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Aveschapines

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Aveschapines last won the day on July 24

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About Aveschapines

  • Birthday June 30

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    Quetzaltenango, Guatemala

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  1. Sorry to be a little scarce lately! I had some major internet problems and the September craziness is in full swing (the 15th is Independence Day here, and we have activities all month long). But I've deleted the ID requests that were reposted, as well as @Charlie Spencer's replies to them and my own. @Shazam, I hid your post rather than deleting it, bcause you haven't reposted the ID request. If you need the post back let me know.
  2. Cattle Egret, showing us where he got his name 😄
  3. I merged your two threads to keep everything together.
  4. That collar in the first pic does look a little Meadowlarky, but my impression is also Hooded Oriole. Second pic looks nothing like a Meadowlark. The "collar" could be an illusion due to wet feathers.
  5. American Goldfinches also have seasonal plumage, and look quite different in breeding and non-breeding plumage; in fact at one point they were thought to be two different species! And here the Great-Tailed Grackles have two local common names; people call the males clarineros and the females zanates, and many people think they're two different species too. All these things become clearer with experience with the specific species involved, and you'll also get a sense of what a molting bird looks like.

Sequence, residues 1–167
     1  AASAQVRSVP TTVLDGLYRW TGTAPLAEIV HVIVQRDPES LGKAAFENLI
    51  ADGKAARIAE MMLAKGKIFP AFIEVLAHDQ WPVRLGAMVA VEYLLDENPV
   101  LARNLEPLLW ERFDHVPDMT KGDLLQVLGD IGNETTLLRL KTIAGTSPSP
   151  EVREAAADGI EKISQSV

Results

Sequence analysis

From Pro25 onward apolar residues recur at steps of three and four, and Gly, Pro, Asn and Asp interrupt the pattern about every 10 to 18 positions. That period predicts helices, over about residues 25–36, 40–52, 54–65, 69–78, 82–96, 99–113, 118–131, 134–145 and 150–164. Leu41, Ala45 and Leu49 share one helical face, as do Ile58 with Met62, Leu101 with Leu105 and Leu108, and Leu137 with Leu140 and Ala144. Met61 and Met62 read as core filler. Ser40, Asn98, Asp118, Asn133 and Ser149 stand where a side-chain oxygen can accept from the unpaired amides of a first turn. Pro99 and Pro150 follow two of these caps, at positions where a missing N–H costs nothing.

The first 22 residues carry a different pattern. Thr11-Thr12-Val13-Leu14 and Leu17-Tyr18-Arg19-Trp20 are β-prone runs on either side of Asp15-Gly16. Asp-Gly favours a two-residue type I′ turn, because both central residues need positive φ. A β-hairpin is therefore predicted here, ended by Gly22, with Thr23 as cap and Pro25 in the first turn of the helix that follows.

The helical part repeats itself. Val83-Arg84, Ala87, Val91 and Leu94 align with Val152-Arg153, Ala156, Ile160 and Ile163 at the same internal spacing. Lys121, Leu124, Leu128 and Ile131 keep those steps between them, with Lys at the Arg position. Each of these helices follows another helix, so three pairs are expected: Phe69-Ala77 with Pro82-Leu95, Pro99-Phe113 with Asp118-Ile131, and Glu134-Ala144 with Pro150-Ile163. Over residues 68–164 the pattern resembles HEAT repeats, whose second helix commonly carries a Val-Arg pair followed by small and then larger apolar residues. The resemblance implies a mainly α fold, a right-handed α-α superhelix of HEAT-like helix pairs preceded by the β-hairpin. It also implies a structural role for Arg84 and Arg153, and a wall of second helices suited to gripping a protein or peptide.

6. Also when a bird is molting into a different plumage, the exact pattern of the colors will vary depending on exactly which feathers this particular bird has shed and regrown in the new colors. So trying to identify exactly where the colors are in this case isn't very helpful. Many birds look different as juveniles, so when they shed their first set of feathers the new ones grow in different colors and patterns. As mentioned above, some even go through several changes before they become adults. Also quite a few species have breeding and non-breeding plumage, so they look different at different times of year, with molts in between. One hint that you may be dealing with molting is if the colors aren't completely symmetrical, and also that birds in molting sometimes look disheveled - they may have loose downy feathers hanging out, or have pin feathers that haven't fully emerged making them look less smooth and shiny than usual. When there are really irregular or asymmetrical patterns, like a white area on one wing but not the other, that also may be leucism (the bird lacks color in some feathers that normally are colored).
  7. I notified Admin. It's usually a simple fix.
  8. Let's face it, you just wanted to be 13!
  9. I'm not an Elaenia expert, but I've seen a lot of Yellow-Bellieds, and I have to say this doesn't look like one at all to me; crest looks way too small, tail too short, and body position and shape too round and short. I haven't jumped in but my best guess would be not a Yellow-Bellied.
  10. Of course! Arthritic knees and bad backs make for great dance moves. 😛
  11. Kind of like when your grandpa and all his friends show up at your senior prom?? 🤣
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